The Economic Case for Landscape Restoration in Latin America | Land Portal

Join us for an engaging discussion around the economic benefits of restoring productivity to deforested and degraded lands in Latin America and the Caribbean.

Latin America and the Caribbean account for over 20 percent of the world’s degraded lands, with 300 million hectares of degraded forests and 350 million hectares now classified as deforested—an area almost double the size of Mexico. WRI research shows an effort to restore Latin America and the Caribbean’s degraded forests, savannas, and agricultural landscapes would result in substantial net economic benefits.

Join us for an engaging discussion around the economic benefits of restoring productivity to deforested and degraded lands in the region. A panel of widely-respected experts in policy, science and economics will comment on WRI's new report, The Economic Argument for the Restoration of Degraded Lands in Latin America and the Caribbean, which puts a dollar value on some of the benefits provided by restoration across Latin America. This is especially relevant given Latin American national commitments to begin restoration across more than 20 million hectares—an area larger than Uruguay— in the next few years through Initiative 20x20.

Featured Speakers

  • Paulo Sotero, Director, Brazil Institute, Wilson Center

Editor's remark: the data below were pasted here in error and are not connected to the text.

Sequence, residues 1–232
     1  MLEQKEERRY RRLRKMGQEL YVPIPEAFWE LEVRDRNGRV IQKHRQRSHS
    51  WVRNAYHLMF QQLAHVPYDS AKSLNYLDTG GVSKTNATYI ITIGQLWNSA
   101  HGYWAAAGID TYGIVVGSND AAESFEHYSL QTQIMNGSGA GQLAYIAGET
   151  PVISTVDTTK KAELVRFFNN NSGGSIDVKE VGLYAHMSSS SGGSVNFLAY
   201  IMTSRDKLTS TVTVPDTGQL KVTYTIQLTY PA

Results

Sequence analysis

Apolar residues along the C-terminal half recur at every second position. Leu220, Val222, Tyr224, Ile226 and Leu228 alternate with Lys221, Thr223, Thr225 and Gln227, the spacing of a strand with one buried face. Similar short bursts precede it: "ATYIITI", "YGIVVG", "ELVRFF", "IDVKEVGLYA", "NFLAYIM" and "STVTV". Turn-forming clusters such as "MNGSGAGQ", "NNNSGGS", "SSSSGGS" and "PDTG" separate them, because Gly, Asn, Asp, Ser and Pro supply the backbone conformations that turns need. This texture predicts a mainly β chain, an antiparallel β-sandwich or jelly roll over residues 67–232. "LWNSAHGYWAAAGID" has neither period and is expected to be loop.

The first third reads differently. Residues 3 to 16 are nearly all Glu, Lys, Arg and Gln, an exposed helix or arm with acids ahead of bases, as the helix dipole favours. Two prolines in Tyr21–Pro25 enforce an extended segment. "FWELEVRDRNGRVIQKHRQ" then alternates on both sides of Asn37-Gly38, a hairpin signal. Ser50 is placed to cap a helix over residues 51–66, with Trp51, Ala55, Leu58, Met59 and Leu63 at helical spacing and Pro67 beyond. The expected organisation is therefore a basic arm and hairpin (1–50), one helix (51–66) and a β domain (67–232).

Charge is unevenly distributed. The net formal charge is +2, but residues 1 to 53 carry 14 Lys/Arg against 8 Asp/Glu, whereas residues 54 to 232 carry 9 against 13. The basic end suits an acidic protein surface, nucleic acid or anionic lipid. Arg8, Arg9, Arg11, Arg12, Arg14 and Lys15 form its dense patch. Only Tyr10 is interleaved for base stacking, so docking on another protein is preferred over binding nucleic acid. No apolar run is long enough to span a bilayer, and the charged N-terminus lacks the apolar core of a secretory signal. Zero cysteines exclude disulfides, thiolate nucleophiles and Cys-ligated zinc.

• Helen Mountford, Director of Economics, World Resources Institute
  • Walter Vergara, Coordinator, Initiative 20x20 and Senior Fellow, World Resources Institute
  • Luciana Gallardo Lomeli, Economist, Initiative 20x20, World Resources Institute
  • Sean DeWitt, Director, Global Restoration Initiative, World Resources Institute
  • Lester Brown, President and Founder, Earth Policy Institute
  • Thomas Lovejoy, Senior Fellow, United Nations Foundation
  • Paola Agostini, Global Lead for Resilient Landscapes and Lead Environmental Economist, World Bank
Related content: 
SDGi

Proportion of land that is degraded over total land area

 
 

Last updated on 1 February 2022

This indicator is currently classified as Tier I. The United Nations Convention to Combat Desertification (UNCCD) is the Custodian agency for this indicator. Food and Agriculture Organization of the United Nations (FAO) and the United Nations Environment Programme (UNEP) are partner agencies.

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